During deliberations, they did not ask any questions of the judge nor did they request the read back of any testimony.
Jurors in the trial for Phoenix serial killer Dale Hausner took over 3 weeks to deliberate because they methodically went through the evidence and applied it to each charge. That’s what you want from a jury. Not vague and unexamined emotional reactions to personalities and speeches, which seems to have happened here.
The jury ignored the prosecution, as if they resented law enforcement & distrusted the state attorneys while they took as evidence Baez’s opening statement despite the fact it was not evidence.
Jury nullification in its finest.
That they were death penalty qualified is only one limited aspect – gets them into the big pool of possible candidates. During voir dire the defense sought to exclude people with college degrees, situational awareness, and etc. especially military personnel for a purpose. Pinellas County arguably has one of the largest concentrations of retired professionals (doctors, lawyers, accountants, military officers) in the country and yet none made the jury.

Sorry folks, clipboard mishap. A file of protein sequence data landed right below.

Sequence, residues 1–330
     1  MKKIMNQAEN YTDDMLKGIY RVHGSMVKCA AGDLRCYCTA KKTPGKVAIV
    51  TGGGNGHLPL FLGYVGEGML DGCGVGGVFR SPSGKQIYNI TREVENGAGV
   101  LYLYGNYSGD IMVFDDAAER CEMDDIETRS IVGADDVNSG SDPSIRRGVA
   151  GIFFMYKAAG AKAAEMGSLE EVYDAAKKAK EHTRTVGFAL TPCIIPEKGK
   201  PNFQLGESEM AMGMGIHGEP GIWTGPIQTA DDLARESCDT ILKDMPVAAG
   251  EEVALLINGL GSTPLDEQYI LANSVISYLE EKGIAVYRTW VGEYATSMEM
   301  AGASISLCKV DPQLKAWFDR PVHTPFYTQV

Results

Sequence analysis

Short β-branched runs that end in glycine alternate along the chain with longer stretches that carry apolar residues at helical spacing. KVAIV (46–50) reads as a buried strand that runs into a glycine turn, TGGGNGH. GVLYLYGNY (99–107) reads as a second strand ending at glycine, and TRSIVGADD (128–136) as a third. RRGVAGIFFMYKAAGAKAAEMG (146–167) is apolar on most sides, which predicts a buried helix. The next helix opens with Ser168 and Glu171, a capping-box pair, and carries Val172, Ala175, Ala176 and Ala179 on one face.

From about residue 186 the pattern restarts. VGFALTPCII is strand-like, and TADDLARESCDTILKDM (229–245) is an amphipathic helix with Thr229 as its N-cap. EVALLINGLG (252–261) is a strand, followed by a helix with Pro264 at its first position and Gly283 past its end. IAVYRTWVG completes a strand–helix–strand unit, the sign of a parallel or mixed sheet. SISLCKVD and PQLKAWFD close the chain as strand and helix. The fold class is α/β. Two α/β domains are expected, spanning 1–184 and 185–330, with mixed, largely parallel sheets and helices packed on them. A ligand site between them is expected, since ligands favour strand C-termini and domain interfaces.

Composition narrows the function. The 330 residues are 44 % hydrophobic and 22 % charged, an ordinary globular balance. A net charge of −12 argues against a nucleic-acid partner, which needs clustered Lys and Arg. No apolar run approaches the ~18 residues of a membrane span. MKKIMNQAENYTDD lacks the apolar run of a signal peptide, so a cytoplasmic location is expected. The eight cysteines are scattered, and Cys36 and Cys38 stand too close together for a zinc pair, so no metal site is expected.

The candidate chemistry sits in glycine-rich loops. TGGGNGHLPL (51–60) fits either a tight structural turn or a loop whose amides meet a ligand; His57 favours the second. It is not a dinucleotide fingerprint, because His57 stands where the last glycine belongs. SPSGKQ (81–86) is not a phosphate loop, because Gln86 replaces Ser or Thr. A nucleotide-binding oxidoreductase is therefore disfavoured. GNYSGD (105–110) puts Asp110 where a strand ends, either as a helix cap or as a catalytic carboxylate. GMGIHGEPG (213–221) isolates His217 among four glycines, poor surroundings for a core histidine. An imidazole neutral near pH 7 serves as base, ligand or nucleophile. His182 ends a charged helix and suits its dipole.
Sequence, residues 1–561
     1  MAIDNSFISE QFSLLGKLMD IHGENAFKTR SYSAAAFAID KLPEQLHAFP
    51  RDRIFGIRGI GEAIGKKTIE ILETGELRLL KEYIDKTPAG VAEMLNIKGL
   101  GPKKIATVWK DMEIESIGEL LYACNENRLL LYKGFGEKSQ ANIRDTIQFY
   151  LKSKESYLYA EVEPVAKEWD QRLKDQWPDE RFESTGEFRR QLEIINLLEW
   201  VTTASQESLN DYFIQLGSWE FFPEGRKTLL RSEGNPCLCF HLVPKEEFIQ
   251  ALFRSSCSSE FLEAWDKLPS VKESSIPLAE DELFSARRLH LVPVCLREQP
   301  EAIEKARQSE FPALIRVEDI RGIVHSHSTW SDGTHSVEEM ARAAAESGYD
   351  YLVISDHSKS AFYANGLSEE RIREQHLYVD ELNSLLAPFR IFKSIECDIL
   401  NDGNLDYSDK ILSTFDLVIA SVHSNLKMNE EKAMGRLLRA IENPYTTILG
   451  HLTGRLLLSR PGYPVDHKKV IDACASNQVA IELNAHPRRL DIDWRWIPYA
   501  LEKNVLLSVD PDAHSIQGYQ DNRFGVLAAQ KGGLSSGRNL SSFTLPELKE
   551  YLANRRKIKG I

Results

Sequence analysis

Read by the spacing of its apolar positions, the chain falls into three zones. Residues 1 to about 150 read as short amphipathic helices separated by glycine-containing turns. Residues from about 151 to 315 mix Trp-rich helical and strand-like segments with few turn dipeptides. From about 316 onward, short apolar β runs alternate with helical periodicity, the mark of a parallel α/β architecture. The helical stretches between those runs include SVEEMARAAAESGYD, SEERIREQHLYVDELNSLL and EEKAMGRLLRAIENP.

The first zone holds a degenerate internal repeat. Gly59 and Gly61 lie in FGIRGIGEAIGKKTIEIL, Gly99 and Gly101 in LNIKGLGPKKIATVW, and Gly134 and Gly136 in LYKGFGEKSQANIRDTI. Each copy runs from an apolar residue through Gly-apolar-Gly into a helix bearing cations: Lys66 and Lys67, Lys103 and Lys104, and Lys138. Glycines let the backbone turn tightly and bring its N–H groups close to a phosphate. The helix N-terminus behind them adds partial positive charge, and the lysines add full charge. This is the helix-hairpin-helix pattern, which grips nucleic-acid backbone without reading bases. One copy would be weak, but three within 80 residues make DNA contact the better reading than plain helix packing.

If you read the voir dire questions they used and the peremptory dismissals (those kept out) you will see how the jury was stacked.
We got the 12 stupidest people in Florida for this jury.
These jurors revealed themselves via the media to be imbeciles – including the alternate juror. Reason to doubt is not the same as reasonable doubt and you don’t have to be free of all doubt to convict.
Why didn’t they go over the evidence from day one, why did the 2 jurors that were holding out for guilt cave?
How could they let her go free on an unproven theory?
Until jurors must sign that no profit will be made on their service stealth jurors will profit, some have already, getting attorneys and agents, that’s blood money.
Justice must never mirror Evil; Justice must always be a mirror for Evil so that all may see.
Devoid as these jurors were of common sense, incapable as they were of the slightest bit of reasoning I suppose that no alternative outcome was possible. Evidently, it never occurred to this uppity bunch–as they sat listening to several weeks’ worth of testimony–to ask themselves a few questions. Questions like:
Would it be more reasonable for a mother–or a murderer–to go out drinking and dancing with friends (at parties and nightclubs) when she believes her little girl has been kidnapped by the “nanny”?
Would it be more reasonable for a mother–or a murderer–to go on shopping sprees (with checks she stole from a friend) knowing full well she might never see her dear, sweet daughter alive again?